Lars Marius Garshol larsga at
Wed Jun 23 16:27:39 BST 1999

* Lars Marius Garshol
| You use the term 'denote' in discussing names and identity, but seem
| to ignore the fact that this makes some fundamental assumptions
| about the universe and the web, and it's not immediately obvious
| that these are valid.

* Miles Sabin
| Granted, but my usage and assumptions have quite a respectable
| pedigree ... Russell, Wittgenstein mark 1, lots of contemporary
| analytic philosophers. 

Sure, but that doesn't change anything. I suppose one could claim that
these operate on a higher level than the one I've been arguing on, and
that something is missing before we can move onto this level when
discussing the web.

| This _ought_ to ring alarm bells. If we're arguing about things
| which are live issues amongst present day academic philosophers we
| can be fairly sure that we're not likely to come to a satisfactory
| resolution any time soon ... it might be sensible to try and duck
| the issue altogether.

Well, I've been sticking to Kant/Hume and the Buddhists, none of which
have been alive for the past few centuries. You're the one who's
mucking around with present-day philosophy. :)
* Lars Marius Garshol
| For example, you like to think that the term 'Jupiter' denotes a
| planet, and that this planet is a solid well-defined thing, right?
| Well, it's not obvious that this really is so. You're referring to a
| ball of gas floating in a near-vacuum, but you'd be hard pressed to
| find a precise border where you can say that "Here the near-vacuum
| ends, and Jupiter begins", since the transition from the one to the
| other is so gradual.
* Miles Sabin
| Well, I'm with John on this one. The problem you're hinting at isn't
| anything to do with _identity_ per se, it's to do with what counts
| as (exactly one) object (of a particular kind). 

You're right that I'm arguing about what counts as exactly one object,
but you're wrong that this has nothing to do with identity. In fact,
resolving that issue is in fact the first step in assigning identity,
because it gives you something to assign identity to.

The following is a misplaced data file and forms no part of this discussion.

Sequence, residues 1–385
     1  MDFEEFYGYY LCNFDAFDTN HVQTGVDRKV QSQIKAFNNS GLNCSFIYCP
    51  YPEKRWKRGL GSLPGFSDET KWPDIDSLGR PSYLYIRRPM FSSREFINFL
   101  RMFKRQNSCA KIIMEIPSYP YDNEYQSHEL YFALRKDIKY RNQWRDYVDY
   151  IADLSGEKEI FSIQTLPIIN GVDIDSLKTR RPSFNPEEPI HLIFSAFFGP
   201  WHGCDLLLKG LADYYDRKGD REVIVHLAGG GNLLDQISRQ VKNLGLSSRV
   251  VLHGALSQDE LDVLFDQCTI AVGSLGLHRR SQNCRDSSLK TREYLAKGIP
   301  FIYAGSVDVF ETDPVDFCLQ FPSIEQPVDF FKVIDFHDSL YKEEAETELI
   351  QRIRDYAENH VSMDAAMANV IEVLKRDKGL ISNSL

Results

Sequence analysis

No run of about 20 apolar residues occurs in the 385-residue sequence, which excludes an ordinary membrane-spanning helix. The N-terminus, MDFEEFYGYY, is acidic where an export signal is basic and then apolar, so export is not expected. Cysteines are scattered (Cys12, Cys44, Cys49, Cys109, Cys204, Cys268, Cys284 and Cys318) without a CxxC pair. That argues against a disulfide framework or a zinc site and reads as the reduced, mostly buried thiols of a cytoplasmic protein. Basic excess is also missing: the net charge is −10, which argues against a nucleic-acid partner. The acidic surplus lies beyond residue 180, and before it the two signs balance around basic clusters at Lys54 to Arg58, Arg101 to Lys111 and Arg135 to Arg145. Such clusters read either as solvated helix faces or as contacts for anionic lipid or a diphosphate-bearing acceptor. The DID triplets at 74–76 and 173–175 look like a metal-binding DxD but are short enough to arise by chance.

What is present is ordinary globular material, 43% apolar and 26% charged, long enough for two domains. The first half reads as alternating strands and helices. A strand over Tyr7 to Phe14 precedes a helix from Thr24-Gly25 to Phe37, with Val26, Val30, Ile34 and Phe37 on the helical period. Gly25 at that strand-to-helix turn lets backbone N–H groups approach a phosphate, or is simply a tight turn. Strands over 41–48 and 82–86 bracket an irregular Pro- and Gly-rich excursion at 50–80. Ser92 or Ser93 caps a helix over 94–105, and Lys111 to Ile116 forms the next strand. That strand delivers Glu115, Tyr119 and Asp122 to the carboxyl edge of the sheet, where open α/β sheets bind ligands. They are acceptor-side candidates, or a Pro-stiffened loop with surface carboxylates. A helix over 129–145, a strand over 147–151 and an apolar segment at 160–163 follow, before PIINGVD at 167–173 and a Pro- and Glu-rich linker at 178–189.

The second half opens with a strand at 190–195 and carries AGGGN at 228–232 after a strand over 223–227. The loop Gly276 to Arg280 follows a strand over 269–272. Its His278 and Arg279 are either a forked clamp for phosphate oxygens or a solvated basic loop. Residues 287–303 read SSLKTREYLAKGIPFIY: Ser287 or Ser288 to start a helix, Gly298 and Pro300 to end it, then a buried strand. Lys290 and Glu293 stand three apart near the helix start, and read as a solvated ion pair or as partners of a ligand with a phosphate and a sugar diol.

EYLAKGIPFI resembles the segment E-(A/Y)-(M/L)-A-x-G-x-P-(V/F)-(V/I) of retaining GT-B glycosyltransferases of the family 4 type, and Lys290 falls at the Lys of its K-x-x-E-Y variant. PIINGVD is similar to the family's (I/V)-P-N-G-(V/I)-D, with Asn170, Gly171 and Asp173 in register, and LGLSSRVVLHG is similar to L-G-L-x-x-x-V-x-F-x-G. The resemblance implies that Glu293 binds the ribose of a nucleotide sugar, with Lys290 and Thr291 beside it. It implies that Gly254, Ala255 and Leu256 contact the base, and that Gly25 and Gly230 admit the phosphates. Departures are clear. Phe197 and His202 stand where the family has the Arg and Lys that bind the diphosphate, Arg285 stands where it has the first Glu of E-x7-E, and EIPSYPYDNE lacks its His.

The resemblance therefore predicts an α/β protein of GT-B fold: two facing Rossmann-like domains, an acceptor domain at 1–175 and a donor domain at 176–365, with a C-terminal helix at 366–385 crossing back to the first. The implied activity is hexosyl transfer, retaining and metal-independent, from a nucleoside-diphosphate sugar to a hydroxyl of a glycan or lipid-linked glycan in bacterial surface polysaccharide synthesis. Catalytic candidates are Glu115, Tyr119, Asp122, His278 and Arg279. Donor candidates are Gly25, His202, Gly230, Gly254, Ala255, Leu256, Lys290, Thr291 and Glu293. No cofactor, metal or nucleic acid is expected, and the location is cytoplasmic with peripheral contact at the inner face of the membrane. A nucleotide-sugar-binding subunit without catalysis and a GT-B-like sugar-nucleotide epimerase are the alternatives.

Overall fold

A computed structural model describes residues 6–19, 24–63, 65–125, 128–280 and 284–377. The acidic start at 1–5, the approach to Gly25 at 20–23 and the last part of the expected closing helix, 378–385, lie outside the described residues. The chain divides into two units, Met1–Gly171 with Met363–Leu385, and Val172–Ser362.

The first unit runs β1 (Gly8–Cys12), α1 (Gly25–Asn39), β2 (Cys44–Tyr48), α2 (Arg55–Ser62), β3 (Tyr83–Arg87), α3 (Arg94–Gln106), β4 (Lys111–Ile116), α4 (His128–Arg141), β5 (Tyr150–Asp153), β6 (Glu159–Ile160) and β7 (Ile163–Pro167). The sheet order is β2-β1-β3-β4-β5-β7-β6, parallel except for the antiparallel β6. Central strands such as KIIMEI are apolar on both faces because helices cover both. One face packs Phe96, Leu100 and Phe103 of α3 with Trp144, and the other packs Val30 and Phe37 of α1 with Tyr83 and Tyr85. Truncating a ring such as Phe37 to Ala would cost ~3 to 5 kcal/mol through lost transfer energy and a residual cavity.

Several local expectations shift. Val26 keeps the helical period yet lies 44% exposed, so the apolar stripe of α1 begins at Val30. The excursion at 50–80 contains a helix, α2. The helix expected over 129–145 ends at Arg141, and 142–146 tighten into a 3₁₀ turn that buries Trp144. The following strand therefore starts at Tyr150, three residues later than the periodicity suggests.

Until the universe has been chopped into pieces there is nothing to
assign identity to, and it seems to me pretty obvious that if we chop
it differently then we're going to have serious trouble agreeing on
the identities of the pieces or even what it is that constitutes

And you might well view Lois' distinction between Superman and Clark
Kent as a failure to chop the universe correctly, rather than as a
failure to correctly assign identities to the people she meets. 

And, anyway, this whole discussion has been resolving exactly what we
mean by identity. To me that is a discussion of how we should chop the

| The kinds of things which are easy are the ones which are relatively
| stable (in some sense or another). 

Not just. Superman is stable, but different choppings of the universe
can leave him and Clark Kent as both one or two objects (and probably
more, if you feel sufficiently perverse).

| The kinds of things which are hard are the ones which can split,
| fuse, pop into and out of existence, and which can persist across a
| rapid turnover of constituents. Social institutions are one example
| of this sort of thing. Web- sites, even individual pages, look
| suspiciously like being another.

These are difficult, I agree, but they're by no means the only cases.
* Lars Marius Garshol
| For example, do these two URLs denote the same resource?
| [snip: two URLs]
| They're not byte-by-byte equal, but there certainly seems to be a
| connection between them. What criteria should a web robot apply to
| decide that they are the same resource?
* Miles Sabin
| I've no idea. And I'm fairly sure that there's no general answer to
| this sort of question. 

Do you agree that this means a failure to provide a good chopping
mechanism for the web?

What I've been arguing is not that answering this is hopeless, but
rather that we have a choice as to how we want to do it. (The original
post describes two ways, and there must be more.)

| But this isn't an issue about *identity*, it's an issue about
| *identification*.

You lost me here. What is the distinction between those two terms to
* Lars Marius Garshol
| In all these cases ('Jupiter' and the web examples) we, humans,
| impose a categorization on the universe we observe into distinct
| objects with identity and it's not really clear that this grouping
| into objects has any independent existence outside our heads.
* Miles Sabin
| Ahh ... well that's controversial ;-)

Sure, but I'm not trying to settle that issue, I'm trying to argue
that we can work our way around it. It doesn't matter if the universe
really is discrete or not, what matters is how we view it.
| I think that you might have a point when it comes to artifacts,
| particularly semantically laden artifacts like web-stites or pages:
| if enough people _believe_ that a fluctuating bunch of pages
| constitute a single site over time, then that's enough to make it
| so.
| I don't think the same applies to Jupiter tho'.

Then let's put Jupiter to rest and argue about web pages. :)

--Lars M.

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